[13] Figure 3 shows global maps of the biases obtained when the statistics of the scaled SMMR retrievals (using approximate cdf estimates) are compared to those of the model soil moisture. As in Figure 1, the biases in Figure 3 are computed for the period from 1979 to 1987. While there is some bias left, scaling with the approximate cdf based on just one year of satellite data clearly removes much of the biases seen in Figure 1. The biases after scaling depend only weakly on the particular year used for estimating the cdf. This is not surprising, given that the bias in the mean is much larger than the interannual variability. Globally averaged, the bias in the mean (or std; or skewness) is reduced by 80% (or 55%; or 25%) when only a single year of SMMR retrievals is used to estimate the cdf used for scaling. Since cdf estimation involves finite size bins, even scaling with the “ideal” cdf that is computed from the entire SMMR history does not completely eliminate the biases, particularly in the higher moments. In the ideal case, the bias in the mean (or std; or skewness) is reduced by 98% (or 90%; or 55%).

Figure 3.

Same as Figure 1 except that SMMR retrievals were scaled with an approximate cdf estimated from 1979 only SMMR data using a spatial sampling window (2 degree radius).

4. Conclusions

[14] We use the 9-year SMMR record to demonstrate that temporal sampling of SMMR soil moisture retrievals can be traded off against spatial sampling. Robust estimation of the statistics for bias removal via cdf matching was accomplished using only a one-year satellite record. When only one year of data is available and the cutoff criterion for computation of statistics is set to 100 data points, a reasonable approach is to estimate the cdf used for scaling by applying a spatial sampling window with a 2 degree radius. In this case, the global average bias in the mean of the scaled SMMR 9-year data set (relative to model soil moisture) is reduced by 80% when compared to the original bias of the unscaled SMMR retrievals. For the bias in the std (skewness), cdf matching permits bias reduction by 55% (25%). With our method, current and future satellite retrievals of soil moisture can be assimilated more confidently in near-real time using only a one-year climatology.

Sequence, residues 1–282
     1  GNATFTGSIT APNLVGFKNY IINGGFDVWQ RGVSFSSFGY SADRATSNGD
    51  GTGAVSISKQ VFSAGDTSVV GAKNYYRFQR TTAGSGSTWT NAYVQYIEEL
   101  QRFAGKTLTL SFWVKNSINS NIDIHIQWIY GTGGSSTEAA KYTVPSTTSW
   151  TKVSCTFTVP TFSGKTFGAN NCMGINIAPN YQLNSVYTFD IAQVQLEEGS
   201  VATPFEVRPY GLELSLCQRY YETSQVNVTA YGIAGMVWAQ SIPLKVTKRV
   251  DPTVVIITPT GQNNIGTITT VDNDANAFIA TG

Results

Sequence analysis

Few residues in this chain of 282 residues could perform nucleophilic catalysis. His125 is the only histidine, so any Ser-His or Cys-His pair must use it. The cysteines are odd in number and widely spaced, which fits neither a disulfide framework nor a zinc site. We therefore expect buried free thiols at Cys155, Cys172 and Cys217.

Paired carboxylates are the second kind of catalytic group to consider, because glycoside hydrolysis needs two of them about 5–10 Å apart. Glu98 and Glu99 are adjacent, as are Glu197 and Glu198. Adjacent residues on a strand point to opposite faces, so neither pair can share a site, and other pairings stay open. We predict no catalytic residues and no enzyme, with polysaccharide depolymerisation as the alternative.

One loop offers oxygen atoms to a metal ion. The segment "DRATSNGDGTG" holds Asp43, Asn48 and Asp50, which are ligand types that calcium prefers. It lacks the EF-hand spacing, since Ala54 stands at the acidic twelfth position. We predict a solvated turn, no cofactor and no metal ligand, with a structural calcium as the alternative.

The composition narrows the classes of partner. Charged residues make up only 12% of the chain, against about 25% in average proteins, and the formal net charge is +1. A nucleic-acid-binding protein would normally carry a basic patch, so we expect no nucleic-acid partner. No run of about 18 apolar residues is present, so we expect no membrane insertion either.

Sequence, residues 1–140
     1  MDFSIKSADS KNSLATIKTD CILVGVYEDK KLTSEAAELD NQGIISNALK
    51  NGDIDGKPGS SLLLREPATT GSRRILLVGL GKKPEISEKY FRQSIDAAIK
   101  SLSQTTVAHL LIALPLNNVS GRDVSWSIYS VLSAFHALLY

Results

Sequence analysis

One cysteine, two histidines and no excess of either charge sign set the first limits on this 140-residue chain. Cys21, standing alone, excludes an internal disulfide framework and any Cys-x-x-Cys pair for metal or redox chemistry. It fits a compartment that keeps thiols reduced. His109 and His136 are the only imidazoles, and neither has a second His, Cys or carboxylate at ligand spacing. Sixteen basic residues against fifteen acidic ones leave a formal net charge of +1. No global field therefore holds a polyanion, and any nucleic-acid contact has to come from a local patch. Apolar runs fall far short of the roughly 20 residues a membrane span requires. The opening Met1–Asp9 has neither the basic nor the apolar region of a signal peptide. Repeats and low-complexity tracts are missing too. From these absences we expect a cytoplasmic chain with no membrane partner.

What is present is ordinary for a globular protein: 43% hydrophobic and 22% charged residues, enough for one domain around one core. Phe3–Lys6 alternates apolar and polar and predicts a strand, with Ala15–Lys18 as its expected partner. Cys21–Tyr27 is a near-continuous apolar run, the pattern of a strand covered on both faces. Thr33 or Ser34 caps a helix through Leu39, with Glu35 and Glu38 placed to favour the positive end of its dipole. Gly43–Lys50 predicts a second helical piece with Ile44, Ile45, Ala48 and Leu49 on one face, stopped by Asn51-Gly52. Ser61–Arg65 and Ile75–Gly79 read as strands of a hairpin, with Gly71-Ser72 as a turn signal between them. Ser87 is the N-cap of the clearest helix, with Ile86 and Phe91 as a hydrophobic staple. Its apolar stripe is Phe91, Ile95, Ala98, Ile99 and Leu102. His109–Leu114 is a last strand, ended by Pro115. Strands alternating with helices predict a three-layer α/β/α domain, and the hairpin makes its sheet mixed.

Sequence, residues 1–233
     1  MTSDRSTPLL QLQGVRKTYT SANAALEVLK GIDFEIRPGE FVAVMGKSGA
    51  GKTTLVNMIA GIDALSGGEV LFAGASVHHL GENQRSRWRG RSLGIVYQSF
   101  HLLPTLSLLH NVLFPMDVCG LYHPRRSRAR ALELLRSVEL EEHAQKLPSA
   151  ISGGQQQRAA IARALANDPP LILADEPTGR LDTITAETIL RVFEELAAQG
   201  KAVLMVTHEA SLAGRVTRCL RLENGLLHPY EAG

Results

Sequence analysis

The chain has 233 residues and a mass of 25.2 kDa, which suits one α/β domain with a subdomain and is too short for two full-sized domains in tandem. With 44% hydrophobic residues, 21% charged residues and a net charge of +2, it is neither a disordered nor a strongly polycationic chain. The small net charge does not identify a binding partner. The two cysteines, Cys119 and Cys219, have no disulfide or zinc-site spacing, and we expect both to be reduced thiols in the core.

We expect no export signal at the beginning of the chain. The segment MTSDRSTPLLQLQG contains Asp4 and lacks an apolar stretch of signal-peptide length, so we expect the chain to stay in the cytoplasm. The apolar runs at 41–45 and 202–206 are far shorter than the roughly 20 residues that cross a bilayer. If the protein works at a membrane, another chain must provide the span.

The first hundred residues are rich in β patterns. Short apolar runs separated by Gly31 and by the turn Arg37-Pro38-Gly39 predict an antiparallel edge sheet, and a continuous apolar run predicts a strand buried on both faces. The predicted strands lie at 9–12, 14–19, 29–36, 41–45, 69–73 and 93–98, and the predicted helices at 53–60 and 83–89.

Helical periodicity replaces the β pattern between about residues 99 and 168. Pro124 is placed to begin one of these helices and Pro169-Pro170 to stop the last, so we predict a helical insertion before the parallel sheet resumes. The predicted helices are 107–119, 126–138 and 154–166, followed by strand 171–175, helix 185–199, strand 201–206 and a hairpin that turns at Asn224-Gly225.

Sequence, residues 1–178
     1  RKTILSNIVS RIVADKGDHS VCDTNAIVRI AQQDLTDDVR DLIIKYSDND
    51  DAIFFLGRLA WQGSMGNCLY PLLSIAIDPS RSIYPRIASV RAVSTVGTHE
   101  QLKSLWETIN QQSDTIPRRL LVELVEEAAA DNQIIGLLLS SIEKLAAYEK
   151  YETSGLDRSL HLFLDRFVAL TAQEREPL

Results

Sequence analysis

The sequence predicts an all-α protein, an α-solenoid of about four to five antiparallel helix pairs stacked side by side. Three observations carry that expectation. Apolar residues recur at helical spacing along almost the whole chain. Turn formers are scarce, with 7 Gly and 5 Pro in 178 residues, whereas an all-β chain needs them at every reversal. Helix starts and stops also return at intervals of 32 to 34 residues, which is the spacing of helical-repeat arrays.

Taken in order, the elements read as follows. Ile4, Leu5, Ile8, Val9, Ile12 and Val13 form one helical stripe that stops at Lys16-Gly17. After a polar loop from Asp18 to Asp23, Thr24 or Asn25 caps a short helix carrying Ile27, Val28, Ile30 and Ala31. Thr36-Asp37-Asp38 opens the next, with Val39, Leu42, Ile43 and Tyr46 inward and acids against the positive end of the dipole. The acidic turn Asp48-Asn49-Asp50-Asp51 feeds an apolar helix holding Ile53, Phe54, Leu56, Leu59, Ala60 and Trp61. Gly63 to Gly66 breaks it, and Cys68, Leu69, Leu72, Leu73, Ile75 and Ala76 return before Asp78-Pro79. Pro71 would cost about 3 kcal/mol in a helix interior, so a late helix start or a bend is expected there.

[15] Although differences in the spatial and temporal mean and variability between state-of-the-art land surface modeling systems are substantial, our method does not depend on the particular model used precisely because we scale the satellite retrievals to be consistent with the given model. Finally, AMSR-E and future sensors yield improved measurements of brightness temperatures compared to SMMR. Most importantly, AMSR-E offers higher sampling rates than SMMR (around 2.5 times higher spatial resolution and wider swath width), which may permit reducing the size of the spatial sampling window and hence the ergodicity error. Nevertheless, the retrievals used here are based on a state-of-the-art algorithm, as is the modeling system. Therefore, the underlying errors in the retrieval algorithm, the land surface model, and the surface meteorological forcing data are unlikely to change significantly in the near future. Our approach presents a valuable tool for the imminent operational use of AMSR-E and future soil moisture retrievals.


[16] This research was sponsored by NASA grant NRA-00-OES-07. We thank M. Owe and R. de Jeu for the SMMR retrievals and A. Berg and J. Famiglietti for the forcing data.